Low bone mass and microarchitectural deterioration leading to increased fracture risk. The diagnosis may be made clinically, or on bone densitometry scanning.
A positive family history increases the risk of osteoporosis.
Smoking increases the risk of osteoporosis.
Osteoporosis is a risk factor for broken bones rather than a disease in itself.
If there is a history of broken bones, document the trauma involved to determine whether this was low impact and therefore of relevance or not.
Loss of height indicates vertebral collapse, carrying the same risk of further fractures as acute vertebral collapses.
Hyperparathyroidism is a recognised cause of osteoporosis. Ask about constipation, tiredness, depression, thirst, polyuria, renal stones, nausea and weight loss.
Overt and sub-clinical Cushing’s syndrome increase the risk of developing osteoporosis. Ask about changes in appearance, skin, weight, blood pressure and diabetes.
Premature menopause is an independent risk factor for osteoporosis.
Depot progesterone preparations and long periods of amenorrhoea are also associated with increased risk.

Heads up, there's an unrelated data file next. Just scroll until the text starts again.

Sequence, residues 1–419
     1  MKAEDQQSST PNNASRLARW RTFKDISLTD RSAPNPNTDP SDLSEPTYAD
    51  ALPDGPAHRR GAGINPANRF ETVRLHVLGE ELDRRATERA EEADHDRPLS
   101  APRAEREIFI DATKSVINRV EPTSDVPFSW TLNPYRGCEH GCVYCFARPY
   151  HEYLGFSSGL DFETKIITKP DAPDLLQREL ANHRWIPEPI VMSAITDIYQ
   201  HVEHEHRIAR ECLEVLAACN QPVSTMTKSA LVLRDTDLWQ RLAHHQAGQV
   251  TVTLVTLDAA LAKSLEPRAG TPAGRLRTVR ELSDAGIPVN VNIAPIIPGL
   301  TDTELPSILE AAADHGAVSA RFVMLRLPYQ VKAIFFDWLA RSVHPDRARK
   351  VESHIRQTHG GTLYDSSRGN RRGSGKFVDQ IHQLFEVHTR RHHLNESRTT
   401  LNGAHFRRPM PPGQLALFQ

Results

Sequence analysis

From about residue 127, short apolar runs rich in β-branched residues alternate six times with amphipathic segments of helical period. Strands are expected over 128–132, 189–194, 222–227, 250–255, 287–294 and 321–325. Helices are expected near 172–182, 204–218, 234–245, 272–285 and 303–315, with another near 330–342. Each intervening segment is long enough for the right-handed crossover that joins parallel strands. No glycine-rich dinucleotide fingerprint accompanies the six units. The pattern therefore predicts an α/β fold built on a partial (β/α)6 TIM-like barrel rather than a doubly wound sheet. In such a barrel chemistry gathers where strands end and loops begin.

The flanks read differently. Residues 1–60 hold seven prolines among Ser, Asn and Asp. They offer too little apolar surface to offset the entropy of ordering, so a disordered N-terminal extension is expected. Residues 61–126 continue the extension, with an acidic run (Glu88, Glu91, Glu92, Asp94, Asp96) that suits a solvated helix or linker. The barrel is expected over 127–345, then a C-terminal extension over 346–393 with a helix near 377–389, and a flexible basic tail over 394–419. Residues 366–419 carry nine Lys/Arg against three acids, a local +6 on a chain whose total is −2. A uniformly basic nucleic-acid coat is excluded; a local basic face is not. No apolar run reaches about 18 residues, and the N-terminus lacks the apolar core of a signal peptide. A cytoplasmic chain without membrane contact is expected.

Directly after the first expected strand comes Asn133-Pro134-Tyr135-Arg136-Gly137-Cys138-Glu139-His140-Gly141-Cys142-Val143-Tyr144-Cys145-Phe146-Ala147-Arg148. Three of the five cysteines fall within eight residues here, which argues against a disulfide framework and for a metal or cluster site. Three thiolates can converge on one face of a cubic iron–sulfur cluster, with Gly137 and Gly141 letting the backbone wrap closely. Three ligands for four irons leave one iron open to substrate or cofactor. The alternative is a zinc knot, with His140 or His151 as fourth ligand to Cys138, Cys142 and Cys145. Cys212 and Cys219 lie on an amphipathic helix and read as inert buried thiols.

Hypopituitarism and growth hormone deficiency are risk factors for osteoporosis.
Long term hyperprolactinaemia also causes hypogonadism.
Hypogonadism of any cause is a risk factor for osteoporosis.
Long standing biochemical thyrotoxicosis, for example sub clinical disease with TSH suppression due to a multinodular goitre, increases the risk of osteoporosis.
Patients taking restricted diets may be at increased risk of osteoporosis.
Anorexia and low body mass index are both risk factors for osteoporosis.
Regular weight bearing exercise as well as normal or high body mass index are protective against osteoporosis.
Conversely, excessive exercise regimes may be associated with hypothalamic hypogonadism which may cause osteoporosis.
Complete coverage of the skin either with clothes or sunscreen may reduce vitamin D levels.
Certain conditions, such as rheumatoid arthritis, chronic liver disease, inflammatory bowel disease and coeliac disease, are independent risk factors for osteoporosis.
Patients on long term steroids (including via the trans dermal and inhaled routes) are at increased risk of osteoporosis, and should be treated during steroid therapy, irrespective of their bone mineral density.
Certain depot contraceptives may also lead to amenorrhoea and increased risk of osteoporosis.
Opiates, many psychotropic medications and other non prescribed drugs may also lead to hypogonadism, which is a risk factor for osteoporosis.
Anti retroviral drugs also increase the risk of osteoporosis.